For vibratory pile driving we determined a source level of 162 dB (RMS SPL) at 10m was most appropriate. The closest known measurements of sound levels for Start Printed Page 42843vibratory pile installation of 24-inch steel piles are from the U.S. Navy Proxy Sound Source Study for projects in Puget Sound (U.S. Navy 2015). Based on the projects analyzed it was determined that 16- to 24-inch piles exhibited similar sound source levels. For DTH drilling we use a source level of 166.2 dB (RMS SPL) for Level B harassment zones; this is derived from Denes et al. (2016), where they drilled 24-inch piles near Kodiak, AK. For Level A harassment zones for DTH drilling we use the single strike source level of 154 dB SEL that was recently calculated from the same Kodiak project. To be conservative, since DTH drilling and vibratory pile driving would occur on the same day, the applicant used the higher of the vibratory and DTH source levels (162 dB ssSEL for level A and 166.2dB rms for level B harassment) for both Level A and Level B calculations and assumed all drilling/driving time in a day was at this higher level. For impact pile driving of 24-inch piles, sound measurements were used from the literature review in Appendix H of the Alaska Department of Transportation (AKDOT&PF) study (Yurk et al. 2015) for 24-inch piles driven in the Columbia River with a diesel impact hammer (190 dB RMS, 205 dB Peak, 175 dB SS SEL).
We assumed no more than two piles per day with DTH drilling as the duration per pile was assumed to be 6 hours. For impact pile driving activities we also assumed no more than 2 piles per day and 250 strikes per pile. In all cases we used a propagation loss coefficient of 15 logR as most appropriate for these stationary, in-shore sources.
When the NMFS Technical Guidance (2016) was published, in recognition of the fact that ensonified area/volume could be more technically challenging to predict because of the duration component in the new thresholds, we developed a User Spreadsheet that includes tools to help predict a simple isopleth that can be used in conjunction with marine mammal density or occurrence to help predict takes. We note that because of some of the assumptions included in the methods used for these tools, we anticipate that isopleths produced are typically going to be overestimates of some degree, which may result in some degree of overestimate of Level A harassment take. However, these tools offer the best way to predict appropriate isopleths when more sophisticated 3D modeling methods are not available, and NMFS continues to develop ways to quantitatively refine these tools, and will qualitatively address the output where appropriate. For stationary sources, such as pile driving and drilling in this project, NMFS User Spreadsheet predicts the distance at which, if a marine mammal remained at that distance the whole duration of the activity, it would incur PTS. Inputs used in the User Spreadsheet, and the resulting isopleths are reported below.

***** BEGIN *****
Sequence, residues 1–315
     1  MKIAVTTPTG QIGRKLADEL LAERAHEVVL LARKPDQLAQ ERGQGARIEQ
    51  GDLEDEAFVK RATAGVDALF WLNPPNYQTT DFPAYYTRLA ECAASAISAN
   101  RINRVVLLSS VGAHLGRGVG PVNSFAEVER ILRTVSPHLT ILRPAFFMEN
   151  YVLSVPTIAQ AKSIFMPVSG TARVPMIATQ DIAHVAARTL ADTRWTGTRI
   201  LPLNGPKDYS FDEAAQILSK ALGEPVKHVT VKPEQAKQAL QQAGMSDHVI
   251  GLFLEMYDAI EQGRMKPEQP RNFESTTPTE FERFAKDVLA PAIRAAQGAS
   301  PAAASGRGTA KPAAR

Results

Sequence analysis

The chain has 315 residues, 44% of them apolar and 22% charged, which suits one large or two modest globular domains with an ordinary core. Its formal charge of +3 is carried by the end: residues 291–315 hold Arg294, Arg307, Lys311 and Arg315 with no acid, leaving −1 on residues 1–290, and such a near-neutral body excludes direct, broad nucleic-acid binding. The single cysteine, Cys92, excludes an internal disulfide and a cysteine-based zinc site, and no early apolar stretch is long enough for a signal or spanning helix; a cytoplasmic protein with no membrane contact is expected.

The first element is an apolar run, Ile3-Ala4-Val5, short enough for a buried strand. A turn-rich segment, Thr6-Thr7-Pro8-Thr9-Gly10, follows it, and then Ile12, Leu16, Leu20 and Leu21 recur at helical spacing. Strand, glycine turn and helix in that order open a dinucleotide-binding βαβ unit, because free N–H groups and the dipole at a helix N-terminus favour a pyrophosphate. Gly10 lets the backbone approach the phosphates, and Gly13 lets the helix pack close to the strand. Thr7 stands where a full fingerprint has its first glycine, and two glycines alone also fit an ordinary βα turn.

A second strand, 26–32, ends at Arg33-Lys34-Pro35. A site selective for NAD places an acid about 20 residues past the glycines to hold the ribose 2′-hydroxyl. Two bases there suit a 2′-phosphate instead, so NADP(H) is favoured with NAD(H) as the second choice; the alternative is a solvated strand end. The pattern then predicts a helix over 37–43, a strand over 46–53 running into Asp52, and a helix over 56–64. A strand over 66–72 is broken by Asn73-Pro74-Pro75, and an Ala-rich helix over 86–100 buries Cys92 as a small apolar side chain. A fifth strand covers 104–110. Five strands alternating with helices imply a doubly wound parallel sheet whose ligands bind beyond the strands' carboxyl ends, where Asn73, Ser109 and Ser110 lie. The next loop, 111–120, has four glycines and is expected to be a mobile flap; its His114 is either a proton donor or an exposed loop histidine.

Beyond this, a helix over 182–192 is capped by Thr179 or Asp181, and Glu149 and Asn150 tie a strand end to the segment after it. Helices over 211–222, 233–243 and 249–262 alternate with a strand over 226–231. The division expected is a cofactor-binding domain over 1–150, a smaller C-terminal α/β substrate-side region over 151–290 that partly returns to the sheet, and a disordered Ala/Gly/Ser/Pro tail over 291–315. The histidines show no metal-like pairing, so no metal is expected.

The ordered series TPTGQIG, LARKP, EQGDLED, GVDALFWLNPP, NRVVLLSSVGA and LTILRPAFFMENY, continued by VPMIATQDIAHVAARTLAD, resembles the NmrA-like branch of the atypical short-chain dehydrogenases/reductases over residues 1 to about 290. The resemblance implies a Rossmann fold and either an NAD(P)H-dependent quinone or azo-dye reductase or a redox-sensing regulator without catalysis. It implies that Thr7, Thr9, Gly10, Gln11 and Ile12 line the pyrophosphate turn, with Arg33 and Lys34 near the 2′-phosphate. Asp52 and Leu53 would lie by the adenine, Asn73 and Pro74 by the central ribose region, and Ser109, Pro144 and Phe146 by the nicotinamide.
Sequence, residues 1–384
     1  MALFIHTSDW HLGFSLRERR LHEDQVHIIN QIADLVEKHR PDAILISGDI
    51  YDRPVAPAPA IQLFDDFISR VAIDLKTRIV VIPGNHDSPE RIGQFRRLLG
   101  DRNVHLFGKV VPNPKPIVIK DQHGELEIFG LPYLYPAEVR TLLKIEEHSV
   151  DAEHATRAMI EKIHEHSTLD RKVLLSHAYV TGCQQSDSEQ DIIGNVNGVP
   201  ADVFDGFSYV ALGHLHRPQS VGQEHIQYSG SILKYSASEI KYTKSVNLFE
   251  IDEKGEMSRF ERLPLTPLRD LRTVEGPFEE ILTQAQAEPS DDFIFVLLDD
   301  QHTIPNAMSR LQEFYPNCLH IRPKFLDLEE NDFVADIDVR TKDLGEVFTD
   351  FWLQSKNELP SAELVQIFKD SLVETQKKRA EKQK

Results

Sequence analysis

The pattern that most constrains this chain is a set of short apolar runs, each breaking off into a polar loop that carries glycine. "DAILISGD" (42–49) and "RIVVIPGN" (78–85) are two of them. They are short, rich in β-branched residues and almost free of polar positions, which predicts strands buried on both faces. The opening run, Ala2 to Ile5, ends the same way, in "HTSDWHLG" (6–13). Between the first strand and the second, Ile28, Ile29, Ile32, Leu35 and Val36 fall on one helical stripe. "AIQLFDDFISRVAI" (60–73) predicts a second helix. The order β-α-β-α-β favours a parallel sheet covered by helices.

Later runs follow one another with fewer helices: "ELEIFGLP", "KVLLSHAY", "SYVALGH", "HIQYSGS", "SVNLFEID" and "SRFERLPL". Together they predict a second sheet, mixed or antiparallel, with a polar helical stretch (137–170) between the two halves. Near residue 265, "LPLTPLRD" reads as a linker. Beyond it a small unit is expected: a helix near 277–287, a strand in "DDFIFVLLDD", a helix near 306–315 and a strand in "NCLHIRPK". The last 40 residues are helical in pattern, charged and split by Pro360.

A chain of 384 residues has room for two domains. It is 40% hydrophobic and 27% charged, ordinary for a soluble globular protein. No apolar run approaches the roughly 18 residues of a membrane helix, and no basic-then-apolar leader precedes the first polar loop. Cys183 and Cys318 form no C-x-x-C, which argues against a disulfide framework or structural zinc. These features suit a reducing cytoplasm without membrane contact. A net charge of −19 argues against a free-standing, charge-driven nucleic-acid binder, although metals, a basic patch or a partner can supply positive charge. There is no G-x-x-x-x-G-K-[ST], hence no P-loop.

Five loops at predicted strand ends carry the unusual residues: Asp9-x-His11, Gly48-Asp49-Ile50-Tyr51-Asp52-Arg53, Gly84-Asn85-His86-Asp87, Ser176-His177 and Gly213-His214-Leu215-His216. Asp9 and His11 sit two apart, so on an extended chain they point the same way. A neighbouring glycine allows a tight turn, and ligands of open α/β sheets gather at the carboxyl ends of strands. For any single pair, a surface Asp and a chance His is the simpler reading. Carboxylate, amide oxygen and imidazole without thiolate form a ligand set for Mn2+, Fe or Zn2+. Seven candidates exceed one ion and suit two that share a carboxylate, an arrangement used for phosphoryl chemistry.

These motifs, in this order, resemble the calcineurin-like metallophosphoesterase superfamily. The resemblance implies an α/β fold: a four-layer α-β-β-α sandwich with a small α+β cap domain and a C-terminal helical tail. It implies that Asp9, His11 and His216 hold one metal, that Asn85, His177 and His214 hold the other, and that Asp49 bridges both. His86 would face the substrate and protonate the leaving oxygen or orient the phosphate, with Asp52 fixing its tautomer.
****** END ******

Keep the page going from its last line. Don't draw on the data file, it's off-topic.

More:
NMFS User spreadsheet input scenarios for vibratory pile driving/DTH drilling and impact pile driving are shown in Table 3. These input scenarios lead to PTS isopleth distances (Level A thresholds) of anywhere from 7 to 220 meters (22 to 720 ft), depending on the marine mammal group and scenario (Table 4).
Table 3—NMFS User Spreadsheet Inputs
|User spreadsheet input|
| ||Vibratory pile driving/DTH
drilling—continuous||DTH drilling— impulsive||Impact pile driving|
|Spreadsheet Tab Used||A.1) Vibratory pile driving||E.1-2) Impact pile driving||E.1) Impact pile driving.|
|Source Level||166.2 dB RMS||154 dB SS SEL||175 dB SS SEL.|
|Weighting Factor Adjustment (kHz)||2.5||2||2.|
|a) Number of strikes per pile||N/A||10,000||250.|
|a) Activity Duration (h:min) within 24-h period||12:00||N/A||N/A.|
|Distance of source level measurement (meters)||10||10||10.|
|Number of piles per day||2||2||2.|
Table 4—NMFS User Spreadsheet Outputs: Level B and Level A (PTS) Isopleths
|Activity||Behavioral disturbance (level B)
all species||PTS isopleths (meters)
|Humpback + Minke whales||Killer whales||Harbor + Dall's porpoise||Harbor seals||Stellar sea lions|
|Vibratory Driving/DTH drilling—continuous||12.1 km (7.5 miles) *||80 m (263 ft)||7 m (23 ft)||118 m (387 ft)||48 m (158 ft)||4 m (13 ft).|